Edgar Bergen and Charlie McCarthy Debut on The Royal Gelatin Hour

The first thing to keep in mind is that Rudy Vallee was not enthusiastic about having a ventriloquist act on his program. On the August 6, 1936, episode of The Fleischmann’s Yeast Hour, he stated on the air “…ventriloquism hardly makes good radio.”

That night was the radio debut of noted comic and ventriloquist Frank Gaby (according to our sources, it was Gaby’s only credited radio appearance). Not surprisingly, he flopped. Gaby had been a successful vaudevillian, and to be fair, when he appeared on Fleischmann’s he was forced to use Rudy as his dummy because everyone knew that ventriloquism would not work on radio.

Ventriloquism comes from the Latin root meaning “belly noises”. It is a visual trick where the artist “throws” his voice so that it appears that his dummy or doll is talking. There is a pretty obvious disconnect between radio and visual tricks, so Vallee’s less than enthusiastic attitude towards ventriloquists is understandable.

Johan and Nilla Bergren’s boy, Edgar, learned ventriloquism from a pamphlet at the age of 11. A few years later, after developing his skill, Edgar hired Chicago woodcarver Theodore Mack to fashion the head of his life-long side-kick (Edgar made the body himself). The likeness was based on a precocious Irish newsboy. Bergren entered Northwestern University, performing with Charlie McCarthy to pay the bills. Soon he was doing Vaudeville full time and changed his name to the easier to pronounce Edgar Bergen.

The Vaudeville circuit eventually drew Edgar and Charlie to New York. “America’s Premier Party-giver”, Elsa Maxwell, saw the act at a party for Noel Coward and helped Bergen to land a gig at the Rainbow Room. While rubbing shoulders with the well-to-do, Charlie adopted his trademark top hat, tuxedo and “Esky” monocle (for the Esquire magazine’s cartoon mascot). One of the “swanks” who saw the act at the Rainbow was Julian Field, an executive at the J. Walter Thompson advertising agency. Part of Field’s duties was to find talent for the firm’s client’s radio shows, The Royal Gelatin Hour in particular.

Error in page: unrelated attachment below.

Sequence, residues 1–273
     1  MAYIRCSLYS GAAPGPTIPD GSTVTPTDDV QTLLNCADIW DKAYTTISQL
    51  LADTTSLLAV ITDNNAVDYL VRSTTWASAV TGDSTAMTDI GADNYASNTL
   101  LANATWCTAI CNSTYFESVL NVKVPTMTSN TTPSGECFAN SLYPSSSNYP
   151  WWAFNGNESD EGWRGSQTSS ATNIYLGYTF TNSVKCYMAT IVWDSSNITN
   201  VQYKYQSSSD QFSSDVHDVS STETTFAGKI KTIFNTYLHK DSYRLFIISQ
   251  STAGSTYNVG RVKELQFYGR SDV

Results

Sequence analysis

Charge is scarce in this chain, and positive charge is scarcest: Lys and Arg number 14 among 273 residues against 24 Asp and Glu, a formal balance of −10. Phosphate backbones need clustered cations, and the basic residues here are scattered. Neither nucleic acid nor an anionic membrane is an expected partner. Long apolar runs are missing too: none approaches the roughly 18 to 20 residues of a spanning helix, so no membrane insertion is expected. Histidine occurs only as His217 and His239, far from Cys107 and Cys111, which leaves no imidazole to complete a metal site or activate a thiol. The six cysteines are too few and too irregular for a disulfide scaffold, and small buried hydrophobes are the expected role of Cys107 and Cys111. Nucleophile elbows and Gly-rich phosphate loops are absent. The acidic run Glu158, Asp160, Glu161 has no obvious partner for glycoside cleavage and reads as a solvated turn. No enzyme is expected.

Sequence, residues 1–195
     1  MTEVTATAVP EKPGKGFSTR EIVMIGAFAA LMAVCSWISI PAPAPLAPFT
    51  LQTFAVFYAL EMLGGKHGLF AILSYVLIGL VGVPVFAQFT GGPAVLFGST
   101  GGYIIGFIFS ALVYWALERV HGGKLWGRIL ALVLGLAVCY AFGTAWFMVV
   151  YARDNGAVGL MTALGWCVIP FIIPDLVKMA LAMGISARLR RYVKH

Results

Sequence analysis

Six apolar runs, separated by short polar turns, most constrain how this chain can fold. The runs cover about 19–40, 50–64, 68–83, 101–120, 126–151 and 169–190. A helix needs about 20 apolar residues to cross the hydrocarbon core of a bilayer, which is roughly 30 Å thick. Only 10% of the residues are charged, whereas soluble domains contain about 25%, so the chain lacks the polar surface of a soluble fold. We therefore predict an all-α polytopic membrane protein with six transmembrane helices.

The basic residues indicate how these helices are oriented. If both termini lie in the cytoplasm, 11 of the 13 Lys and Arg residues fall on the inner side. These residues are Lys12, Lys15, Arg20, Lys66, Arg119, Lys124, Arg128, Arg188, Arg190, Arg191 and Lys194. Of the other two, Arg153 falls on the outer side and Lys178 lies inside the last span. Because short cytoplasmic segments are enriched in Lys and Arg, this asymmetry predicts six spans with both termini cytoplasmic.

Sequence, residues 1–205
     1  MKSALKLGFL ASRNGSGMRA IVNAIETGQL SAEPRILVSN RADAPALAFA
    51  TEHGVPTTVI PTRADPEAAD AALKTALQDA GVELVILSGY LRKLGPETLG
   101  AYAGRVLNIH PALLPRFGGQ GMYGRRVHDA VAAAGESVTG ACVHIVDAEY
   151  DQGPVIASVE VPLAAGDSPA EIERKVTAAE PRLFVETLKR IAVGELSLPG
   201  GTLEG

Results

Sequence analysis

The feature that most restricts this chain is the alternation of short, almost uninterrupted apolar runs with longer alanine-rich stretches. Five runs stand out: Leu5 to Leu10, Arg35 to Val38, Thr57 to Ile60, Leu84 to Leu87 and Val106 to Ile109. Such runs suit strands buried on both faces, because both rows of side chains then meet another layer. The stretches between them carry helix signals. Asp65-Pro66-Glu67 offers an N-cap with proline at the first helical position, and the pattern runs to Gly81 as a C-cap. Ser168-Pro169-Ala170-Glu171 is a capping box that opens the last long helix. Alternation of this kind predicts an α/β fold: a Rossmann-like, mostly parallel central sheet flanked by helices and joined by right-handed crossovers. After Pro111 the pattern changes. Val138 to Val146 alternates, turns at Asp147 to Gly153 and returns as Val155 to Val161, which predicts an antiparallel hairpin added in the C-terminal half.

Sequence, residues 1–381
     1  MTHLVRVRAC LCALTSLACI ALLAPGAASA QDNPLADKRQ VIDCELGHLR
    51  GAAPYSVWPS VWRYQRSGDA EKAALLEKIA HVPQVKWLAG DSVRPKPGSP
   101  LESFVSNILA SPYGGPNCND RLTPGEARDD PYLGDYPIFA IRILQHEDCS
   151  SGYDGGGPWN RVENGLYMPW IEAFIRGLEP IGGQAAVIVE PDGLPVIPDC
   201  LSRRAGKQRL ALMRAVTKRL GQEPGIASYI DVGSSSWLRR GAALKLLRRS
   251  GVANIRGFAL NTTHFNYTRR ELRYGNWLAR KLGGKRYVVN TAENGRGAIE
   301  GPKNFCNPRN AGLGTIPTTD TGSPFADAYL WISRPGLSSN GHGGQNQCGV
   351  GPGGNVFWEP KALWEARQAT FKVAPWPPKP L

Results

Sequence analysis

Given Rudy Vallee’s less than enthusiastic attitude about ventriloquists, it was surprising the Edgar and Charlie made it on the show at all, let alone into what was essentially the headline spot. Guest wise, it was a pretty slow night for Rudy.

The program featured a scripted and long-winded interview with Elsa Maxwell, mostly about how wonderful it was to be Elsa Maxwell. Cornelia Otis Skinner gave a humorous monologue about Christmas, Sleepy Hall introduced the electric banjo, and there was a dramatic sketch by Shirley Booth and Douglas Thomas best described as “forgettable”.

Edgar was introduced right after the mid-show commercial break, traditionally the head-line slot. Charlie got his first big laugh on the radio when Edgar asked why he was so nattily dressed. “Well, its a long story… and a dirty one!”

The listening audience was both shocked and delighted! Although very tame by today’s standards, this was a bit ribald for 1936. However, Charlie could get away with it because he was a young boy. A boy made of wood at that! Later there is an exchange where Charlie claims “I never have more than, ah, four or five scotch and sodas….” “Goodness, four or five scotch and sodas would make you awfully drunk!” “Yeah, well, it helps!”

The shock of such adult musings with a little-boy voice was a hit with audiences and sponsors. Standard Brands fell over themselves to sign Bergen as the show’s featured comedians. When that 13 show contract was up they offered man and dummy their own Sunday night show, The Chase and Sanborn Hour.

Charlie went on to become one of the most revered personalities on radio. Naturally there was a flood of Charlie McCarthy merchandise, from dolls to boardgames to teaspoons. He was no stranger to scandal; his exchange with Mae West was considered so racy that the sex symbol was banned from NBC until 1950.

Although he would create other dummies for his act, Charlie remained the one audiences wanted to see when Edgar Bergen performed. Bergen appeared on television both with and without his wooden side-kick. He played Grandpa Walton in The Homecoming and appeared with his daughter Candice on You Bet Your Life (Candice claimed to be jealous of Charlie, he had a bigger bedroom!)

Charlie remained a precocious little boy until Bergen’s death in 1978. He is now on display as an American icon in the Smithsonian Institution.

Edgar Bergen and Charlie McCarthy Debut on The Royal Gelatin Hour

Bergen, Charlie, Sneed

The first thing to keep in mind is that Rudy Vallee was not enthusiastic about having a ventriloquist act on his program. On the August 6,  1936, episode of The Fleischmann’s Yeast Hour,  he stated on the air “…ventriloquism hardly makes good radio.”